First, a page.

The first fort is much levelled. As it is not far above Parcnahilly, it may be the Cahernahailly of the records. East from it, and above it on the slope, is a rectangular ‘moher,’ with thin walls of large, flat slabs, and, within, the foundations of an oblong hut and a small, circular annexe. It is not marked on the new map.

Caherblonick - the east fort

Caherblonick lies further to the north-east, about 100 yards away. It is a well-built ringwall of excellent masonry of regular blocks, usually about 2 feet 6 inches by 18 inches, in regular courses, with the unusual features of several pairs of upright joints, each divided by a line of single blocks about 2 feet long. We have noted a similar arrangement of joints carried to excess in the fort of Cahercloggaun, near Lisdoonvarna.[10] The rampart is 12 feet thick, and from 6 feet to 8½ feet high, being best preserved to the north and the west. It is more broken and of smaller masonry to the south-east. It has a bold batter (often as much as 1 in 7), and has two faces, and a filling of large blocks. One joint only runs for 5 feet up the wall, which suggests an early rebuilding of the upper part. The garth is oval, being 125 feet east and west, and 153 feet N.E. and S.W. Slight traces of the gateway are found to the east. It had a threshold 3 feet 10 inches by 3 feet, so may have been about the former width. Buried deeply in moss and cranesbills are two hut foundations; one to the N.W. is oval, and 12 feet long, built against the wall; the other is near the gate, and is 9 feet inside. There are only slight traces of other enclosures, for the garth is filled up with 4 feet or 5 feet of debris.

Caherblonick – Plan of Fort
Caherblonick – Plan of Fort

Like Cahercottine, near Noughaval,[11] Caherblonick has a dolmen and a cairn near it. The cairn is a disfigured heap of earth and large blocks, 70 feet in diameter, and 9 feet high. It lies about 140 yards to the north of the caher, and is crossed by a boundary wall. It has, as usual, been explored by treasure-seekers in several places.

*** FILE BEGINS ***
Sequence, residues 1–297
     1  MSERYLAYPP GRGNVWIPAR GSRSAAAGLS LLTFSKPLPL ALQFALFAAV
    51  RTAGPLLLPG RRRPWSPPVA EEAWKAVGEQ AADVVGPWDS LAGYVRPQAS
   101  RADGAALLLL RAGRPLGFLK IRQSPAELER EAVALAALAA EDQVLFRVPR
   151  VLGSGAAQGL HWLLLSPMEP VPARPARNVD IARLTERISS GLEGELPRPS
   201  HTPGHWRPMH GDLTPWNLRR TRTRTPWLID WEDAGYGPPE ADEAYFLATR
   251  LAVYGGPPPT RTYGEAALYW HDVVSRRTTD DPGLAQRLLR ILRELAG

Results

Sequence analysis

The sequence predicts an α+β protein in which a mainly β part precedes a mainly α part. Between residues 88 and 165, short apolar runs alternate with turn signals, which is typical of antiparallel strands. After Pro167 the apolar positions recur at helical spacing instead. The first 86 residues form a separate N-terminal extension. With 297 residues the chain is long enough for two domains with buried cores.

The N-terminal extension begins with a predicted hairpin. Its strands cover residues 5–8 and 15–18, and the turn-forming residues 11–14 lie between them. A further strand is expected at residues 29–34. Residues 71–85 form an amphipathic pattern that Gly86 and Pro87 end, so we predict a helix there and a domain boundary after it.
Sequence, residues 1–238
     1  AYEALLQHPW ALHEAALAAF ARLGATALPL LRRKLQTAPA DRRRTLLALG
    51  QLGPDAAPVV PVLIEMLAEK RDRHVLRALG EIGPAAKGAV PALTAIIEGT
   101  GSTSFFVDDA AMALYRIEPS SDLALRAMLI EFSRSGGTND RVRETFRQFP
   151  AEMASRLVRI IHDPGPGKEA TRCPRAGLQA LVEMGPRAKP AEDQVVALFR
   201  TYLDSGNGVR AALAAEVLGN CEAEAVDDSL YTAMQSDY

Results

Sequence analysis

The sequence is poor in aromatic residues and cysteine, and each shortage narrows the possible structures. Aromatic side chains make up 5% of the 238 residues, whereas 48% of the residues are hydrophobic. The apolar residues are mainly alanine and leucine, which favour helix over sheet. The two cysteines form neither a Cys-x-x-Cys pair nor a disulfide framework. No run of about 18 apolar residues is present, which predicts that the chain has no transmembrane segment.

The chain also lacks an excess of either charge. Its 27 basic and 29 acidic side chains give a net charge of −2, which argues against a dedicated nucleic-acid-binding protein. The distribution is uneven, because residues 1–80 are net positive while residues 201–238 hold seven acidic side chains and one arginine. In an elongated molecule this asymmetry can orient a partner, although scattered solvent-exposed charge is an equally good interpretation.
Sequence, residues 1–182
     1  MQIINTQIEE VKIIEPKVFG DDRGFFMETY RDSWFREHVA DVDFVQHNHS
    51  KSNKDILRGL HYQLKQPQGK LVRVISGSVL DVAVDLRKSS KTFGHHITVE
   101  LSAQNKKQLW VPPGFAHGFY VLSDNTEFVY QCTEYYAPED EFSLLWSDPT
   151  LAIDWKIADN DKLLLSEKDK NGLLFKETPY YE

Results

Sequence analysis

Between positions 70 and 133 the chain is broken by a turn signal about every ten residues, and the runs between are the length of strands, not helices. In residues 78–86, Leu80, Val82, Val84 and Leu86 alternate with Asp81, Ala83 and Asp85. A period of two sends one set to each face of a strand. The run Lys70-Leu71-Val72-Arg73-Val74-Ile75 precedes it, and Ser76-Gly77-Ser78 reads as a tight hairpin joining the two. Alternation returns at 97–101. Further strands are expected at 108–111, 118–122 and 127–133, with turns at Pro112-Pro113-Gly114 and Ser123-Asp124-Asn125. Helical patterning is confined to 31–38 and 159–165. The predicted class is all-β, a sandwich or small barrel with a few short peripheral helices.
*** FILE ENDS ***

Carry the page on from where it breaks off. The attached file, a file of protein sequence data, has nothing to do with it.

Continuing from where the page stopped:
Caherblonick - the east fort

The dolmen is about 100 feet to the west of the fort, and is called ‘Labba’ or ‘Lobba yermuth,’ as usual. It tapers and slopes eastward. The south side measures 10 feet 10 inches by 4 feet 3 inches by 6 inches to 8 inches, and has a very regular hole (perhaps partly natural, but evidently partly ground) through its side. The west end being 5 feet long, left, I think, an entrance between it and the fallen north slab. The whole seems to have been 15 feet over all, and 16 feet long, the axis lying E.S.E. and W.N.W.

The third caher lies 300 yards to the east of the cairn, Caherblonick being almost equidistant from it and the western caher. It is on the edge of a low ridge, round a deep ‘bay’ running into the slope. The wall is of beautiful polygonal masonry, smooth white blocks very closely fitted together, and only 6 feet high, with the unusual batter of 3½ inches to the foot. The fort is oval, measuring over all 140 feet north-west and south-east, and 114 feet north-east and south-west. The wall has two faces, and is from 9 feet to 12 feet thick, clinging to the edge of the crag to the north and north-east. The garth is filled up for 4 feet above the field, and has a hut site to the N.W

Another and smaller caher lies on the edge of the ridge on the eastern side of the ‘bay,’ just inside the edge of Drummoher. The mere foundations of three other cahers - two of small dimensions - lie in the valley at Cahermacon, and on the edge of Ballycasheen.

Caherblonick - Plan of Dolmen
Caherblonick - Plan of Dolmen